The San Francisco String Trio Is Fixing a Hole
May 05, 2016
Remember supergroups? Cream, Blind Faith, Crosby, Stills, Nash & Young, the Highwaymen, Traveling Wilburys? The concept ran awfully thin by the 1980s and ’90s and has been eclipsed in relevance by high-profile special crossover projects such as Yo-Yo Ma’s Silk Road Ensemble.
The “supergroup” label never gained much traction in jazz, probably because you could apply it to an infinite number of bands. But for followers of the Bay Area jazz scene, the newly formed San Francisco String Trio certainly qualifies, even if its members—violinist Mads Tolling, guitarist Mimi Fox, and bassist/vocalist Jeff Denson—aren’t household names along the lines of Regina Carter, Bill Frisell, and Ron Carter.
Individually, these peghead players have racked up impressive credits: Tolling won two Grammy Awards during his nine-year tenure with Turtle Island Quartet and spent nine years as well in jazz fusion bassist Stanley Clarke’s band; Fox was named top Rising Star in six Downbeat Magazine International Critics Polls; and Denson has performed with alto saxophone giant Lee Konitz since 2007 and recorded with him on the recent Jeff Denson Trio + Lee Konitz.
And what did the San Francisco String Trio decide to tackle for its debut recording? Just one of the most iconic albums in the history of popular music, Sgt. Pepper’s Lonely Hearts Club Band, in celebration of the record’s 50th anniversary, coming in 2017.
“When we got together,” Tolling told me in an interview on my weekly radio show on KPFA 94.1 FM in Berkeley, “we discovered we had a common love for the music of the Beatles.” Concept albums are nothing new to the Copenhagen-bred violinist. With Turtle Island he recorded A Love Supreme: The Legacy of John Coltrane and Have You Ever Been … ?, reimagining songs by or indelibly associated with Jimi Hendrix. His own albums have included tributes to violinists Svend Asmussen and Jean-Luc Ponty. And with his Mads Men quartet he has toured and recorded “music of the Mad Men era.”
Tolling’s eclecticism required breaking free of his classical training. He started playing at age six, learning via the Suzuki Method. “For the most part, I was a good boy, practicing my Haydn and Mozart,” he said, “and then at one point I got attracted to ‘the dark side.’ My dad handed me a cassette tape of Miles Davis playing ‘Autumn Leaves.’ It just struck a chord inside of me. It’s hard to say exactly what it was, but I listened to that cassette tape over and over and over again, so I knew something was going on. I didn’t feel that kind of connection when I listened to Mendelssohn’s Violin Concerto.”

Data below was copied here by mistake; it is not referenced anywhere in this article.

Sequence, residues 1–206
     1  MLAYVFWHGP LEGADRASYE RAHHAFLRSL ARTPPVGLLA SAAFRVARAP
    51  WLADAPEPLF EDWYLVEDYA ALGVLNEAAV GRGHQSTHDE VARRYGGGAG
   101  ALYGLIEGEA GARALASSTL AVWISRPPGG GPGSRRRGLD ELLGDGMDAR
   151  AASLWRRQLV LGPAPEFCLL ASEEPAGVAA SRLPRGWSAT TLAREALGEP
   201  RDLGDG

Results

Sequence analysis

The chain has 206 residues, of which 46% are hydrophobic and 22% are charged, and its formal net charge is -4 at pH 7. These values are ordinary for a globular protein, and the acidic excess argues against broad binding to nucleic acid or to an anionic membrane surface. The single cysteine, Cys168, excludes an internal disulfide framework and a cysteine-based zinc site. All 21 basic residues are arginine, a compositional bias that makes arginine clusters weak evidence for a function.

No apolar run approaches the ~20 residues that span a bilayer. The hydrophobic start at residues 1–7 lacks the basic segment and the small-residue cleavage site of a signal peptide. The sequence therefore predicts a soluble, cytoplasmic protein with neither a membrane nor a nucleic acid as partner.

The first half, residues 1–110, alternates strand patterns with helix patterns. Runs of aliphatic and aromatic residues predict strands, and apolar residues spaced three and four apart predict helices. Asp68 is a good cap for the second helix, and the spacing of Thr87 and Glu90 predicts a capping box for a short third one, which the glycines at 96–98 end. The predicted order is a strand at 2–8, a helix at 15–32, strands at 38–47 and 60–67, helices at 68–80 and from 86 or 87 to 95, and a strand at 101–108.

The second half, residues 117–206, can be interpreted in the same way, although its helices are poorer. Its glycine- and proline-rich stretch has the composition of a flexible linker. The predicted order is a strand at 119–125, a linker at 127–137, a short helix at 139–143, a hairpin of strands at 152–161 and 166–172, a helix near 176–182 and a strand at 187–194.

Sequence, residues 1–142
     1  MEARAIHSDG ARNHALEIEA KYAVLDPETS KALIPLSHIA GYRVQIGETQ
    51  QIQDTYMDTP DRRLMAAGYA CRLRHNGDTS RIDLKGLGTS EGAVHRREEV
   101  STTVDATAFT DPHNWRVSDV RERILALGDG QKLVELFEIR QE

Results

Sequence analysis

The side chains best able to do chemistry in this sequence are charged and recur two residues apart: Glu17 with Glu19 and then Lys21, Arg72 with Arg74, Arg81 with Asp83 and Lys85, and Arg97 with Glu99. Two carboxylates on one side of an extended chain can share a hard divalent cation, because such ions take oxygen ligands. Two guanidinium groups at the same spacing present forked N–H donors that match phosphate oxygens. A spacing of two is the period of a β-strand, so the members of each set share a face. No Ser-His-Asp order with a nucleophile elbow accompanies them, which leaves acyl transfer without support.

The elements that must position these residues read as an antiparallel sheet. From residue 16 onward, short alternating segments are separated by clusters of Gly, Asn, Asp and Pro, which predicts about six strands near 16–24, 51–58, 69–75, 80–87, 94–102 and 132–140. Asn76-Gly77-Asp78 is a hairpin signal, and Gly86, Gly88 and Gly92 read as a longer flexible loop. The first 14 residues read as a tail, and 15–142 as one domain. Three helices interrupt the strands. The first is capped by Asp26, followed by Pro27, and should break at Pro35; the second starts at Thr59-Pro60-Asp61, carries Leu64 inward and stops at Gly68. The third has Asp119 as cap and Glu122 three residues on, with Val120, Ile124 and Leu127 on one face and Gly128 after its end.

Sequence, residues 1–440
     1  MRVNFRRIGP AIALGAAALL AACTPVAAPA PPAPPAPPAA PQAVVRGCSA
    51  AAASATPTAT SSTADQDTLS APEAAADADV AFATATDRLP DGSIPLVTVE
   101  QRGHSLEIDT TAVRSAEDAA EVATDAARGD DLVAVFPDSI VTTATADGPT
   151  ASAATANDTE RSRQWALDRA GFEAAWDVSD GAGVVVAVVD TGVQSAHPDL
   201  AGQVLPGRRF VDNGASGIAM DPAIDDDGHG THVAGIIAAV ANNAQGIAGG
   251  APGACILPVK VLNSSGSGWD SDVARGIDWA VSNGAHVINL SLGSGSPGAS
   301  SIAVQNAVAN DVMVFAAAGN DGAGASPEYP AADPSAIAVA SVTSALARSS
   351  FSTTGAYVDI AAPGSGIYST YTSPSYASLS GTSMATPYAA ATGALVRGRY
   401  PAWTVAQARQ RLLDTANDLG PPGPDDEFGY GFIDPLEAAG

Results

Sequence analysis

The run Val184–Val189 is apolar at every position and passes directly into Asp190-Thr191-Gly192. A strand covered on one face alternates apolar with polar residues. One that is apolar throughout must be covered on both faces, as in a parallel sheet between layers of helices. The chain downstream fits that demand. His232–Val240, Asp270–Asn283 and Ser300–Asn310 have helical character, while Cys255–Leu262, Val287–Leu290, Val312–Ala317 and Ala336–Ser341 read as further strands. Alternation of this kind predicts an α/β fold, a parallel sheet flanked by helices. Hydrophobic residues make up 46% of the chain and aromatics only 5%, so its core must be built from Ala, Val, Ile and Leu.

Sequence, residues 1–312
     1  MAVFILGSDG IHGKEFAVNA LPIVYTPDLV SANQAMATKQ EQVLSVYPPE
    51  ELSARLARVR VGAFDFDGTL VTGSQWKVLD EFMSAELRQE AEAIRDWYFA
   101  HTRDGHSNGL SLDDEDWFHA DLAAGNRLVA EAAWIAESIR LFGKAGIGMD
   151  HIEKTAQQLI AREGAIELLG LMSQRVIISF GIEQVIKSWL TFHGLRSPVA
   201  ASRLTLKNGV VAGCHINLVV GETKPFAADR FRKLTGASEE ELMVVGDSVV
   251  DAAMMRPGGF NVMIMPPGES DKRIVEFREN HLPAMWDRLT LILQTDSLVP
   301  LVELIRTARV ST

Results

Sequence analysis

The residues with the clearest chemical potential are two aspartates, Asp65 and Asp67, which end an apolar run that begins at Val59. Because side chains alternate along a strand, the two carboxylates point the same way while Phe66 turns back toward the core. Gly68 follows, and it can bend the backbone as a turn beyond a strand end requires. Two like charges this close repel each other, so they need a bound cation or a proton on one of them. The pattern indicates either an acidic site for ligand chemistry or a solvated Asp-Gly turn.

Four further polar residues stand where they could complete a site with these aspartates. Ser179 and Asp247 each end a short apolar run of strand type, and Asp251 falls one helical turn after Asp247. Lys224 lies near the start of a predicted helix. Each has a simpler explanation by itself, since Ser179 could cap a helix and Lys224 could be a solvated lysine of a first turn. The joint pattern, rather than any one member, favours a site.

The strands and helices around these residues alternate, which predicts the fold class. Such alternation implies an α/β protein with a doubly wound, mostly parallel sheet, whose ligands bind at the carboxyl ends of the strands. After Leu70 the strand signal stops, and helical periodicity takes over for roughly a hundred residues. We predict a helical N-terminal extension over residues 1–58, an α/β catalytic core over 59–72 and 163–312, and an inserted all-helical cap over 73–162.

Tolling believed he was “not supposed to play that—jazz—on violin.” Then he heard the great Danish violinist Svend Asmussen in concert, and a live recording of Stephane Grappelli playing “It’s Only a Paper Moon” with guitarist Joe Pass and bassist Niels-Henning Ørsted Pederson. “Svend is more beboppy and a little intimidating,” Tolling said. “Grappelli is a little more diatonic. I was able to figure out his solo, and I played it at a competition. They didn’t even know it was someone else's solo. It went well and I stuck with it.”
Tolling came to the U.S. to study at the Berklee College of Music in Boston, where he first met Jeff Denson in 2000. After graduation, a recommendation from Jean-Luc Ponty led to his lengthy stint with Stanley Clarke. A year or so ago, Tolling and Denson ran into each other at the California Jazz Conservatory (aka The Jazz School) in Berkeley, California, where they both teach, as does Mimi Fox. “We were all busy with other projects,” Tolling said, “but it was natural that we should get together and call ourselves the San Francisco String Trio.”
Although The Sgt. Pepper Project won’t be released until next January, the trio has been offering previews on the road, mixing in the occasional jazz standard (“Billie’s Bounce”), Danish folk tune (“I Skovens Dybe Stille Ro”), and original with “Fixing a Hole,” “Good Morning Good Morning,” and “Lucy in the Sky with Diamonds.” Tolling envisions the collaboration lasting well beyond the final 40-second chord of “A Day in the Life.”
“We are growing together,” he said. “It’s exciting to start a new group and see what’s going to happen.” In other words, the prospects are super.
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